Sunday, September 15, 2013

HSF #18: Re-make, Re-use, Re-fashion

My first real Historical Sew Fortnightly challenge of the year! For challenge #18, I decided to re-make my Filippo Lippi quasi-medieval tunic. When I made the dress, it took about three hours start to finish--it wasn't perfect but acceptable for the time limit. There were some issues with the sleeves. The armscye was far too down my arm, and my sleeves were too baggy on my forearm and too tight on my upper arm. There was too much fullness in the bodice under my arm, too. I purposefully made the sleeves long, but they were far too long for everyday functioning!

Quite possibly the worst sleeves I've ever made--but then again, this was quickly whipped up more than a year ago.
Look at all that fullness in the bodice! It made me look round all over.
The armscye was too narrow for the sleeve cap, causing strange puckering.
First, I removed the sleeves entirely, and cut a shallower curve at the top of the sleeve. I removed almost two inches from the shoulder of the bodice, and took in the side seams above the waistband. I narrowed the forearms of the sleeves just a tad, and then added a few inches of ruching to keep the sleeve gracefully out of my way.

This was a great choice for re-making because to me, it's just such a versatile piece. In terms of a costume, it's historically ambiguous, and I could get away with a lot: a ghost, a girl from Pre-Raphealite art, Game of Thrones/Fantasy, biblical, antiquity, and my favorite, a saint!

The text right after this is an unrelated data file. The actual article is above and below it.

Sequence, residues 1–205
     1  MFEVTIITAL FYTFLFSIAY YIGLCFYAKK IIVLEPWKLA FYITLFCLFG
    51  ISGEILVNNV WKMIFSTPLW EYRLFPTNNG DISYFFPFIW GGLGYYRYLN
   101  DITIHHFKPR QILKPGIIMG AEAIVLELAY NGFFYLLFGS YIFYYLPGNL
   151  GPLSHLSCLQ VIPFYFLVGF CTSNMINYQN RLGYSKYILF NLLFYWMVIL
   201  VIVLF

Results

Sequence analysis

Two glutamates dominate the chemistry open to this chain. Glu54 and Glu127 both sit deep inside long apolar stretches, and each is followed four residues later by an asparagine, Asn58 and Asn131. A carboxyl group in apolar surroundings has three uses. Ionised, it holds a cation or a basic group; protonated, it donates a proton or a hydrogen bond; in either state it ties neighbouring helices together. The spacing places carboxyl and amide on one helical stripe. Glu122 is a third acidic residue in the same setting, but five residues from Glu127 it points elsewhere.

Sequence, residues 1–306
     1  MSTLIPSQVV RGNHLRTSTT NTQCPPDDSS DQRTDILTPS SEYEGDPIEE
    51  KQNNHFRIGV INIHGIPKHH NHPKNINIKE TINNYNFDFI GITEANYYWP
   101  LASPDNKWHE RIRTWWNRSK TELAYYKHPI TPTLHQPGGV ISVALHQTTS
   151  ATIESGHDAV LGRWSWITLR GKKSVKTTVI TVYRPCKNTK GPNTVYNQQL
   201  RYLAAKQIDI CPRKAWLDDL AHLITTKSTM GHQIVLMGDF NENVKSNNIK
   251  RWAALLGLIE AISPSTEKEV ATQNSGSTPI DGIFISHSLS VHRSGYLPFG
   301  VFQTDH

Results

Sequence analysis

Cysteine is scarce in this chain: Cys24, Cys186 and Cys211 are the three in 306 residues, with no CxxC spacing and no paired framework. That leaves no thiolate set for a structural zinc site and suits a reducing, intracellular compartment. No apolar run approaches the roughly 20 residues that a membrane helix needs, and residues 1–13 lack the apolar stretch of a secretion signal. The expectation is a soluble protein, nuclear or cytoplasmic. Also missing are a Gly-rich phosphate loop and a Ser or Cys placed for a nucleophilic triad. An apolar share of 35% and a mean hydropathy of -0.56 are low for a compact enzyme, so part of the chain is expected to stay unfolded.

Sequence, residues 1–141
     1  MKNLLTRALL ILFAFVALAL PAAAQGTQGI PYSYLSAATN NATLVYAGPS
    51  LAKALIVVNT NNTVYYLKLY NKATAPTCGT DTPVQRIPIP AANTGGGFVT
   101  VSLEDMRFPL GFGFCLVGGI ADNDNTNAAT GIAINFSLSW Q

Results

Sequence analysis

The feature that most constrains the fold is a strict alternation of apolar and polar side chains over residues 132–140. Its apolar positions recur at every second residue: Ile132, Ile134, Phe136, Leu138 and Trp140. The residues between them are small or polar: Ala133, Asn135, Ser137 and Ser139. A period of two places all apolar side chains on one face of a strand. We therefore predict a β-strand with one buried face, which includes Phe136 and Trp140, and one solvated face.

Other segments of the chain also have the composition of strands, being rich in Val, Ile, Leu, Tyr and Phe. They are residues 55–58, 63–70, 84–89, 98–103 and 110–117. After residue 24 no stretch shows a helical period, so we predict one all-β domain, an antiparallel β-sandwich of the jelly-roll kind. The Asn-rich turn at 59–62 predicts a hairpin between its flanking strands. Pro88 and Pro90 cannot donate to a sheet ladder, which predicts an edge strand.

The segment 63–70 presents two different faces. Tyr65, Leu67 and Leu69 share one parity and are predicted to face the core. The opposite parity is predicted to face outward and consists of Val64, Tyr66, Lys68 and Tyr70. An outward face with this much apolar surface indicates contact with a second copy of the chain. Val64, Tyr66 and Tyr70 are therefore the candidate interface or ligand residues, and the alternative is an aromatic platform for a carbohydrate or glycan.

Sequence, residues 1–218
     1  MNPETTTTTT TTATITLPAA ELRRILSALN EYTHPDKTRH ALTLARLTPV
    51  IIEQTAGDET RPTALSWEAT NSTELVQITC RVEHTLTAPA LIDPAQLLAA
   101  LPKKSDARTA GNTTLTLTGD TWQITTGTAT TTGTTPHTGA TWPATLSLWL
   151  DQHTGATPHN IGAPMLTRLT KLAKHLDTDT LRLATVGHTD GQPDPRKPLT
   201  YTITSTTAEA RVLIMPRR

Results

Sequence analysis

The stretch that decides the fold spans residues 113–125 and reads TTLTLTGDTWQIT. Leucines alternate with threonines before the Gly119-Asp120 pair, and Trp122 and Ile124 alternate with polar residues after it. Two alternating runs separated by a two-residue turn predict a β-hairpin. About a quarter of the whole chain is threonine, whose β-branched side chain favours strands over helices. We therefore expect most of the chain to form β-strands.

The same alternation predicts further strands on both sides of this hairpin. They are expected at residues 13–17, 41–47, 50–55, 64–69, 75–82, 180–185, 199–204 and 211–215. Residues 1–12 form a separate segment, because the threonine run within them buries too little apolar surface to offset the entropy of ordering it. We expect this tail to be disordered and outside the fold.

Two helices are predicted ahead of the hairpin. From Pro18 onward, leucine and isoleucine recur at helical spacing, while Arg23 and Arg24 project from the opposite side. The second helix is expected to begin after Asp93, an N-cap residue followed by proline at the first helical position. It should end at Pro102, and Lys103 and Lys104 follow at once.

The effect of the sleeve ruching.
YES! Look at that sleeve! Still not perfect, but much better!
Ack! My dress is a bit twisted...where's a lady's maid when you need one?
Just the facts:
Fabric: Cotton/Poly sheet with damask motif
Pattern: None
Year: Based on paintings from the early 15th century depicting biblical events, so a bit historically ambiguous.
Notions: Thread
How historically accurate?: At best, 25%. Points lost for the poly/cotton sheet, the machine stitching, the poly thread. The design itself is based off paintings of the early 15th century depicting biblical events, so it's a 15th century interpretation of biblical dress.
Hours to complete: About 3
First worn: For a project in Spring 2012, but now it will hopefully worn to an upcoming Medieval Fair at the Cloisters (NY).
Total cost: Free!


  1. I dig it a lot!! I may make a mini version for my 5 month old..well ask my mother in law to do it at least! LOVE IT!

    1. This was super easy to make...I just sewed up a tube that was about a foot longer than my height, pleated the fullness at the empire waist and shoulder seam, added sleeves and a neckline binding! I wear an elastic "belt" at the waist to create that pouf!